1
$\begingroup$

What difference does it make working with a big or small dataset in ABC? Do we get any computational benefits by reducing a very big dataset when doing inference using ABC methods? My understanding is that the rejection criterion in ABC is related to how well we approximate the full likelihood of the dataset which is typically captured in some low-dimensional summary statistics vector. Thus, the computational difference in doing inference on a very big and a very small dataset is only reflected in the amount of computation required to compute the summary statistics.

$\endgroup$
1
$\begingroup$

What difference does it make working with a big or small dataset in ABC?

It all depends on the structure of the dataset and the complexity of the model behind. In some settings the size of the data may be the reason for conducting an ABC inference as the likelihood takes too much time to compute. But there is no generic answer to the question since in the ultimate case when there exists a sufficient statistic of fixed dimension size does not matter (and of course ABC is unlikely to be needed).

Do we get any computational benefits by reducing a very big dataset when doing inference using ABC methods?

In most settings, ABC proceeds through a set of summary statistics that are of a much smaller dimension than the data. In that sense they are independent of the size of the data, except that to simulate values of the summaries, most models require simulations of the entire dataset first. Unless a proxy model is used as in synthetic likelihood.

...the rejection criterion in ABC is related to how well we approximate the full likelihood of the dataset which is typically captured in some low-dimensional summary statistics vector.

You have to realise that the rejection is relative to the distribution of the distances between the observed and the simulated summaries [simulated under the prior predictive], rather than absolute. In other words, there is no predetermined value for the tolerance. This comes in addition to the assessment being based on an insufficient statistics rather than the full data. This means that, for a given computing budget, the true likelihood of an accepted parameter may be quite low.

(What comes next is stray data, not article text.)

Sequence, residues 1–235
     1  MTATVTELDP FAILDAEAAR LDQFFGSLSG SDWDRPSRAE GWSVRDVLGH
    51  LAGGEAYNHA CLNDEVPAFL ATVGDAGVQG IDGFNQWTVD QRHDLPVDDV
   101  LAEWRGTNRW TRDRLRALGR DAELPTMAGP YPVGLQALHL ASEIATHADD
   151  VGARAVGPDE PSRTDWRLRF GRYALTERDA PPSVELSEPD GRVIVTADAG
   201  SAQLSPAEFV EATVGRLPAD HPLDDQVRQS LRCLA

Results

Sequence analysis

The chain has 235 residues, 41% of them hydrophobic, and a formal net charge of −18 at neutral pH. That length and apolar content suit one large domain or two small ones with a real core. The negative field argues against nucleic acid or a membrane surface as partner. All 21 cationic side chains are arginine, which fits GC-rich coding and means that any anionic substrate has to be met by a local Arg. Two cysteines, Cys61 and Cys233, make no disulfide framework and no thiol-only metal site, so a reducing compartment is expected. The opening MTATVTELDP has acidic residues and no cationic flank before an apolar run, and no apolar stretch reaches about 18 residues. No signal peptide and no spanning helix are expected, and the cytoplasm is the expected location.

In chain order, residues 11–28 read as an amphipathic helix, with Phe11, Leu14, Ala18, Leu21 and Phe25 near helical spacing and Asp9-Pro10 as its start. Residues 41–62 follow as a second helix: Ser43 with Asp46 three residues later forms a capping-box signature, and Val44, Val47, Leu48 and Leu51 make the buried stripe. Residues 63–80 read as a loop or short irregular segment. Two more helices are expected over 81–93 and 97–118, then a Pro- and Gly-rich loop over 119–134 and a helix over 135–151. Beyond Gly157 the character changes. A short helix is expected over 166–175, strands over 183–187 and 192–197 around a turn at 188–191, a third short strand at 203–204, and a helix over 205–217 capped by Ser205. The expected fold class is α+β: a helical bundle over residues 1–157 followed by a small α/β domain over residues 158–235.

the computational difference in doing inference on a very big and a very small dataset is only reflected in the amount of computation required to compute the summary statistics

Again, it all depends on the choice of summary statistics: if one picks the first ten observations, the size of the dataset does not matter. If one picks summaries that can be simulated at once, the size of the dataset does not matter. But it is correct that in most practical settings the complexity of ABC grows with the sample size.

$\endgroup$
  • 1
    $\begingroup$ Thanks for the great reply. I'm trying to draw an analogy with inference on tractable likelihood models using standard MCMC, where each iteration requires a full pass over the dataset, hence linearly scales with dataset size. Replacing the dataset with a "informative subset" of the data in that case would clearly speed up MCMC inference. As per my understanding, this is not the case in likelihood-free inference. $\endgroup$ – Dionysis M Sep 3 '19 at 16:13
  • 1
    $\begingroup$ There exist MCMC schemes like pseudo-marginal MCMC that are sublinear in the sample size, including some Gibbs implementations using conditionally sufficient statistics. ABC can also be sublinear if one decides to use statistics based on subsamples, including Gibbs versions. $\endgroup$ – Xi'an Sep 4 '19 at 2:30

Your Answer

By clicking “Post Your Answer”, you agree to our terms of service, privacy policy and cookie policy

Not the answer you're looking for? Browse other questions tagged or ask your own question.